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Re: +Jack Spong
Regarding Jack Spong:
> I don't idolize him, either. I also don't
> idolize those I compared him with. I simply
> believe he is one of the leading voices
> of progressive Christianity in our time.
> And he has taken the heat for that role.
> For that he deserves our gratitude. That's all.
> From what I have heard, I am not at
> all certain that I would have wanted to work
> under Jack's episcopate.
I don't idolize +Jack either. He and I disagree on numerous issues, and
occasionally enjoy spirited, respectful conversation about those
disagreements. I am high church; he is snake belly low. He struggles
valiantly with parts of the creed that I could pass with a lie detector.
He lives far more faithfully than I do...
More often we spend our time together enjoying each other's company and
sharing our great passions for Scripture, for the church, and for the
I served with +Jack during the most turbulent years of his episcopacy. He
was my bishop during the first four of my eight years on the Standing
Committee. I served on Diocesan Council with him for four years before
that. I have received Eucharist from his hands on dozens of occasions,
all of them holy. What a great blessing!
I spend far more time with bishops than most lay people do, and I know
several hundred by sight and name. I like most of them, especially some
with whom I fervently disagree. Perhaps the bonds of affection are
increased because I belong to another profession which still wears
medieval clothing for special occasions. Zany pageantry may be part of
the bonding, though of all bishops, I cannot name one more disinterested
in copes and miters than my friend +Jack.
I am puzzled when some speak of +Jack's arrogance. As a leader he is
strong and forthright. He speaks his understanding of the truth boldly,
and he honors those who respond in kind. That is not arrogance; that is
Privately +Jack is one of the most humble bishops I know, and one of the
least pretentious. I have been with him in secular settings, such as a
dinner of the NJ Coalition for LBGT Rights, where he and Christine are
completely comfortable listening, not expecting to be the center of
attention, not waiting for Anglophiliacs to kiss his ring. He and
Christine are far more comfortable in a room full of gay and lesbian folk
talking about art, politics, or literature, than they are in a banquet
hall of bishops talking about institutional maintenance.
Ernest and I have often been in Christine's and Jack's home for dinner,
most recently with one other gay couple on this last Thanksgiving.
Several times the other guests have been lesbians and gays from other
parts of the globe who have taken the Spongs up on their offer of
hospitality while in the United States. Sometimes the guests are
atheists. The crowd is never boring. Jack and Christine are gourmet
cooks and move quietly as servants among us, occasionally asking a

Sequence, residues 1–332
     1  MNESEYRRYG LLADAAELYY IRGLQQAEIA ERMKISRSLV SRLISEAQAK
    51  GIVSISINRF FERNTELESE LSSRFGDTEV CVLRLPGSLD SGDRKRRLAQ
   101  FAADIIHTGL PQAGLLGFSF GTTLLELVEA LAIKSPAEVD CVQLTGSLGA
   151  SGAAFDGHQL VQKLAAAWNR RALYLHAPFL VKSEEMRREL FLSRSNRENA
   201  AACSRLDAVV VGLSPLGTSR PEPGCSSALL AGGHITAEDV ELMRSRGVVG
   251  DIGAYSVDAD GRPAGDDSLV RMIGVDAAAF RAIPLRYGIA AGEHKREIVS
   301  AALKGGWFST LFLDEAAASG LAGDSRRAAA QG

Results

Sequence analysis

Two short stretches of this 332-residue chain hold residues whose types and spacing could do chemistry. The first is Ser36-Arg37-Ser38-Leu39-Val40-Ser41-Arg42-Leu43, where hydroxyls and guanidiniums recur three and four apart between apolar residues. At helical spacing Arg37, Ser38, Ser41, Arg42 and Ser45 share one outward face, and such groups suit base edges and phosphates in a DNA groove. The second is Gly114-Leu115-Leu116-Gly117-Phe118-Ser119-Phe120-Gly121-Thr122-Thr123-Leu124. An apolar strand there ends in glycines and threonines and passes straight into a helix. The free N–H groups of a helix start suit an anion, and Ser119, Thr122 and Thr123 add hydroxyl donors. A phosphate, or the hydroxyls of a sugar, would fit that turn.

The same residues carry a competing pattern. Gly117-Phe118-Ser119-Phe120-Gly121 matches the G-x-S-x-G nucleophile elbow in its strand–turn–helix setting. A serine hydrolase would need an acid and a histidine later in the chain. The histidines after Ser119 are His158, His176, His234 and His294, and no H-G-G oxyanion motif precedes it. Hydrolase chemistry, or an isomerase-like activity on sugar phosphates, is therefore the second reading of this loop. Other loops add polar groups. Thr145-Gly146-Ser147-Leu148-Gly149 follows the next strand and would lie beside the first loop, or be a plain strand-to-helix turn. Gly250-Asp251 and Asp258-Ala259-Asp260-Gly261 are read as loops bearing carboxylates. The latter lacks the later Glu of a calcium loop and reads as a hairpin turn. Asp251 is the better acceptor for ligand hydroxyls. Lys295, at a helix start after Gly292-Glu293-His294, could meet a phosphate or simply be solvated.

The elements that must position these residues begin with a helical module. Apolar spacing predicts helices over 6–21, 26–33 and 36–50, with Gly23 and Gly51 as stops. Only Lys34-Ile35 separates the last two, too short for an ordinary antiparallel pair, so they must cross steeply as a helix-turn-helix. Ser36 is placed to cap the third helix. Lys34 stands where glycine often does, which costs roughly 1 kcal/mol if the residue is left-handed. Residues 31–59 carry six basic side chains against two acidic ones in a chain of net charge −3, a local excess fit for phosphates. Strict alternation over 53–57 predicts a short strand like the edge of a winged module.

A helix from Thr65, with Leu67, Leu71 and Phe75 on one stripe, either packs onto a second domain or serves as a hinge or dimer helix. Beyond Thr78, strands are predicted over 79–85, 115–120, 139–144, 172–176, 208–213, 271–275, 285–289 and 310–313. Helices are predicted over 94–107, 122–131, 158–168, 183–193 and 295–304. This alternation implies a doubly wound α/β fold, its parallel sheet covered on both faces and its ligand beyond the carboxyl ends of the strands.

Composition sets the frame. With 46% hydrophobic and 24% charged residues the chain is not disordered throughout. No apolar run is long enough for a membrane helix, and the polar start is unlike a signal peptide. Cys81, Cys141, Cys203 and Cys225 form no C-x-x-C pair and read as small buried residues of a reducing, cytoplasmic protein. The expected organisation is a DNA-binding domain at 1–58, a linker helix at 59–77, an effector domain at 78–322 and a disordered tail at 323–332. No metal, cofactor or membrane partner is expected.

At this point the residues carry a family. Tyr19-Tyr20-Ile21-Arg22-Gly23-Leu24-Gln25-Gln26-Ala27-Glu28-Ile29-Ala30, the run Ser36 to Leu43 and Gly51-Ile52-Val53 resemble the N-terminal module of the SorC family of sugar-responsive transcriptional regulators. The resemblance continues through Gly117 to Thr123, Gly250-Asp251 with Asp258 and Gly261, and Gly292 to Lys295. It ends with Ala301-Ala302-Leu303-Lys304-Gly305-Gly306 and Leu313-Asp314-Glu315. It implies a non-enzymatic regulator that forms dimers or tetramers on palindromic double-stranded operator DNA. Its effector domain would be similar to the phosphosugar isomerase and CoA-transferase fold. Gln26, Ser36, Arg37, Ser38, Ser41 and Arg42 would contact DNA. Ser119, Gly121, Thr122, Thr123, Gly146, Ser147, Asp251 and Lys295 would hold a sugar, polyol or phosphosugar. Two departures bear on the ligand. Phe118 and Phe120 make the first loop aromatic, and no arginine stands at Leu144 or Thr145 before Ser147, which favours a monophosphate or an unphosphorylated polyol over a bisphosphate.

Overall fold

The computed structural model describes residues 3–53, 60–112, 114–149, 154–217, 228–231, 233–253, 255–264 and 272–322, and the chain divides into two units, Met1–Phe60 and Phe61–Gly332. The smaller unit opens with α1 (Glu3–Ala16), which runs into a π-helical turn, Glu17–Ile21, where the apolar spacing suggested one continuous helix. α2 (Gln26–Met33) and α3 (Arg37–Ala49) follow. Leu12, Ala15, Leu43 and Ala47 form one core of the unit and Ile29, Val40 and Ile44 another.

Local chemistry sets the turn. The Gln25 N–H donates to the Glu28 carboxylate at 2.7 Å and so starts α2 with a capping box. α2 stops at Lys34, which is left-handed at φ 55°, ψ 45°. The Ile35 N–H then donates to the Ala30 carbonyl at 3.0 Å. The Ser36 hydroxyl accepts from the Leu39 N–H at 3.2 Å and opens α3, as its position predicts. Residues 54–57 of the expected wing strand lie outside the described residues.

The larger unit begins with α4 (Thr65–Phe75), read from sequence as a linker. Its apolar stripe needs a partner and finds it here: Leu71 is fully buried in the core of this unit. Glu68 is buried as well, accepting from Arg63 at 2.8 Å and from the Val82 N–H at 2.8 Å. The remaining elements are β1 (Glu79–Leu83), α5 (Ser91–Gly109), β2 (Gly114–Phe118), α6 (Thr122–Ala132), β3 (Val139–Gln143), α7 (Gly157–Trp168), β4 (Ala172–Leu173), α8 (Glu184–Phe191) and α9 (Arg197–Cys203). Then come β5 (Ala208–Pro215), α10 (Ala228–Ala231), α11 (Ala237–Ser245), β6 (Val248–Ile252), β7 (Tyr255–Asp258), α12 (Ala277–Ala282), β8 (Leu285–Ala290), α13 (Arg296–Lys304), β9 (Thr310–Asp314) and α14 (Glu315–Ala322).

question, never expecting adulation.
Several priests who thought +Jack not very approachable while he was our
Ordinary were surprised to discover when he left how approachable he had
been. +Jack had one of the first car phones of anyone in the diocese.
When he drove through your zip code, he would call, ask about your
children by name, know what year they were in school or at the University,
know what their majors were.... When you were sick or a member of your
family had a crisis, +Jack was there. One of his sometime adversaries
told me she was thinking of hiring a skywriter to fly over Morris Plains,
where the Spongs live, writing in the sky, "Come back! Come back! All is
Several times I served on his advisory team to suggest how much money from
his discretionary fund should go to each clergy child who had requested
scholarship assistance. The other advisor and I would study the
applications thoroughly, but at our meeting +Jack hardly had to review the
applications. He knew not only the details, but the people, by heart. He
knew who had the greatest need. It made no difference if the applicants
were children of his public adversaries. It would have been completely
out of character for him to punish them for the disagreements he had with
their parents. +Jack took special delight in holding up the intellect of
all the applicants.
A few clergy resented +Jack's great expectations of them. He is a fierce
task master on himself; he rises early, devotes hours to study, and never
shirks on any of his administrative responsibilities. He lives
expectantly, hoping that clergy under his care will be devoted to their
work as well. He typically arrived at an annual visit with the full data
on the parish for the last two decades. He expected clergy to give an
account of what was happening, and especially encouraged Christian
education. He expected clergy to continue their education. He initiated
two lecture series a year while he was here, and he brought some of the
most engaging minds of our time here to try to stimulate clergy and laity.
+Jack does not walk on water. He wounded some people I care deeply
about, especially before his conversion to be supportive of lesbigay
people. He writes about that in is autobiography. Only in heaven will
some of those wounds be healed.
I hope that +Jack will be with us many, many more years. At +Jack's
funeral will be said the same words that will be said at the funeral of
each of us, "Acknowledge, we humbly beseech you, a sheep of your own fold,
a lamb of your own flock, a sinner of your own redeeming."
I love my friend, my colleague, my co-disciple, and my shepherd. He has
often brought me into the presence of Jesus.